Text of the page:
The existence of OCD patients without clear pathological anxiety, as well as studies on brain function and neurology suggesting that OCD may have a basis separate from anxiety disorders, has focused attention on the possibility of capturing OCD not as a disorder with anxiety at its core, but as an independently categorized illness conceptualized as an assemblage of the clinical symptoms of obsession-compulsion (Bartz & Hollander, 2006; Storch, Abramowitz, & Goodman, 2008) . As such, not only is study needed to determine which emotions may be affecting OCD, but investigation is also required as to whether there is any association between obsession-compulsion and emotion at all. Thus, this study examined the effects of psychosocial factors on compulsive-like behavior in children, employing emotional traits (the ease of invoking emotions, including anxiety and anger) as the mediating variable. Emotional traits are defined as proneness to particular emotional reactions or as the lowness of the threshold for such responses; these traits are generally stable and consistent over time (Lazarus, 1994; Lazarus, 2006) . The concept of emotional traits originated with studies on trait anxiety; therefore, much research on emotional traits is associated with anxiety. However, more recently, applications to other emotions such as anger and joy have emerged.
Considering the above, this study was designed to examine the effects of maternal rearing attitudes and depression on children’s compulsive-like behavior, employing children’s emotional traits as the mediating variable. A hypothetical model is shown in Figure 1.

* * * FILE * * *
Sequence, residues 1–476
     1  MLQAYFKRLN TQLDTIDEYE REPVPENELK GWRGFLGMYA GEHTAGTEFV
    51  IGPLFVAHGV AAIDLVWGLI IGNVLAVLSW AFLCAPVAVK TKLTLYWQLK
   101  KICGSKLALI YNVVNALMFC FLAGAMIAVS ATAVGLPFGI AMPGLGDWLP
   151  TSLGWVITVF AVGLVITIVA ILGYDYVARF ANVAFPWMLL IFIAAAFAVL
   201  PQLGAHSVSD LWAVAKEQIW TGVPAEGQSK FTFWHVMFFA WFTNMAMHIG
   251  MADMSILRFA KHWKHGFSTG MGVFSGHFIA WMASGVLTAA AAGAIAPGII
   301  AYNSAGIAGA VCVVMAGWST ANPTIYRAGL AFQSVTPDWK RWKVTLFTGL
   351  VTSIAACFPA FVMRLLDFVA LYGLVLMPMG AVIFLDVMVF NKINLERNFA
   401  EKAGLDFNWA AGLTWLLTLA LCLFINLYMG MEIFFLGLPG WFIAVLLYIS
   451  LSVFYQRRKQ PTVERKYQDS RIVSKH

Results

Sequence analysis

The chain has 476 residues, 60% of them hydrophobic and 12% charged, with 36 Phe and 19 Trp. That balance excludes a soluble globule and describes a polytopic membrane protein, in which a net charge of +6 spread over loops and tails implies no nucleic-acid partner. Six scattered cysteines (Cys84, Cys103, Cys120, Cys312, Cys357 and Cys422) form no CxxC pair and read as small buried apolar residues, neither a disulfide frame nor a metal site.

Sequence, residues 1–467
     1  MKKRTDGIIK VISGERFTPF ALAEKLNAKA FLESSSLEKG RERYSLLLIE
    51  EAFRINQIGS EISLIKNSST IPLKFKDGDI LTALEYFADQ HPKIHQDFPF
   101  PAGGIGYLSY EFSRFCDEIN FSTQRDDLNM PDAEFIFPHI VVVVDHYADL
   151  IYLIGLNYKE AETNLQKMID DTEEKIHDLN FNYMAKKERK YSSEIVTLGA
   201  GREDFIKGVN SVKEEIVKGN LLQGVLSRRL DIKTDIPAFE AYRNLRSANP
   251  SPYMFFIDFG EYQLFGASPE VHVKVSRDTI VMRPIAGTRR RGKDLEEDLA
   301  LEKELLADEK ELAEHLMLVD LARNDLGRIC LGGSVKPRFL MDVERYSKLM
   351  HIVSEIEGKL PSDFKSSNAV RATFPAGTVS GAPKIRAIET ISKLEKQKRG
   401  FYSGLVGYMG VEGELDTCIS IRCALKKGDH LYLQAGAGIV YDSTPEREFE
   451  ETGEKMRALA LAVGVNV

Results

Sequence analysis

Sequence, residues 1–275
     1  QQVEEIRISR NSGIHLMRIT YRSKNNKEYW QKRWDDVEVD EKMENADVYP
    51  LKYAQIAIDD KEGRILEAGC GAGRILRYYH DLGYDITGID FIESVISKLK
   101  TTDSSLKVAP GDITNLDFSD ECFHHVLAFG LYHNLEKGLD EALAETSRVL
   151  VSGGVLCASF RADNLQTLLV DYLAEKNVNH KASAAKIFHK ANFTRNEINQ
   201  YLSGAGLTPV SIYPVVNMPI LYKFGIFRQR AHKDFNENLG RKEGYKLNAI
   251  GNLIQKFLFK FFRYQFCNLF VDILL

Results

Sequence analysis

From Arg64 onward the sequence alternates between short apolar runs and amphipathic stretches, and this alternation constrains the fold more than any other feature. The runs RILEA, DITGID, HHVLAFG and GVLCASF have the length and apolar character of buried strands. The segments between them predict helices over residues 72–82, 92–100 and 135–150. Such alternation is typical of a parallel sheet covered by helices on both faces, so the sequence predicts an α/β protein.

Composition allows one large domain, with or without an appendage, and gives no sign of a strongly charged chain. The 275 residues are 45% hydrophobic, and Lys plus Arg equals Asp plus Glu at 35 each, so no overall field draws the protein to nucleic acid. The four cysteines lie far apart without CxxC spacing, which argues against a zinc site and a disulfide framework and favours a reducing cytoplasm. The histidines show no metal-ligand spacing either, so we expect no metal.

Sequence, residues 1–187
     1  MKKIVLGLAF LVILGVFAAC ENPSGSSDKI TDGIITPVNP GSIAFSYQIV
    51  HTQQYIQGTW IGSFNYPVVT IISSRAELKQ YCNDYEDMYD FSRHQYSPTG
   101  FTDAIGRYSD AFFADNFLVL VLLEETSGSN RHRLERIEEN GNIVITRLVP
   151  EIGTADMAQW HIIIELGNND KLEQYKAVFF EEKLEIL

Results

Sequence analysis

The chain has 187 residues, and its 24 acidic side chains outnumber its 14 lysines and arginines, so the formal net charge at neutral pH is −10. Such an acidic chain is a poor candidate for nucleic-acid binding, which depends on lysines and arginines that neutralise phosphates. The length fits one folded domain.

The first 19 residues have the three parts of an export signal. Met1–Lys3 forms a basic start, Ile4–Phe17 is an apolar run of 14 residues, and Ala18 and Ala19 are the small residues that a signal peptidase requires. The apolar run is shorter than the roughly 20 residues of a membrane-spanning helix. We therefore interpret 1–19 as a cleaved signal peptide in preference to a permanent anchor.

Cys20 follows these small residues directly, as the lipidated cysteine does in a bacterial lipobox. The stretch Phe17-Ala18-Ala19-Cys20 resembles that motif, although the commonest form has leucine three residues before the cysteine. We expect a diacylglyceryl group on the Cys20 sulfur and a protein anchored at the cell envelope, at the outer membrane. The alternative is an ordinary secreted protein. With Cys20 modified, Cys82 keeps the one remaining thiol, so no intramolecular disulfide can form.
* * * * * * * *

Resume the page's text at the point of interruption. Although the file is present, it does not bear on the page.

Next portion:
Participants were recruited from one city in Japan. Participants were 116 mothers (M age = 35.16, SD = 4.70) of children between ages of 3 and 5 years (M = 4.24, SD = 0.94, 62 males and 52 females). This study received approval from the ethics committee of the Nagoya University Graduate School of Education and Human Development.
Child Routines Inventory. The Child Routines Inventory (CRI) is a 19-item questionnaire created by Evans et al. (1997) to evaluate the frequency and intensity of overall compulsive-like behaviors. It is scored on a 5-point scale ranging from 1 (not at all/never) to 5 (very much/always). The CRI consists of two factors: “just-right” and
Figure 1. Hypothetical model.
“repetitive behaviors”. Evans et al. reported that the internal consistency of the CRI is 0.92.
The Japanese version of the CRI was developed with the authors’ permission, subjected to back-translation, and then approved by the author. The Japanese version of the study employed a scale consisting of 19 items, with 2 subscales grouping just-right and repetitive behaviors. It calls for answers along a 5-point scale ranging from 1 (not at all/never) to 5 (very much/always), as in the original version.
Maternal Rearing Attitudes. The Parental Attitudes toward Child Rearing Scale (PACRS), which was developed by Sugawara, Yagishita, Takuma, Koizumi, Sechiyama, Sugawara et al. (2002) , was employed in this study. To measure participants’ current attitudes toward their children, Sugawara et al. altered the Parental Bonding Instrument (PBI) (Parker, Tupling, & Brown, 1979) to create this scale, which consists of 25 items comprising 2 subscales (care and overprotection). Sugawara et al. conducted a questionnaire survey on 313 mothers in Japan and reported that the internal consistency of PACRS for mothers is 0.94. The participants were asked to respond by recalling their attitudes toward the children up to the present on a 4-point scale ranging from 1 (does not apply) to 4 (applies).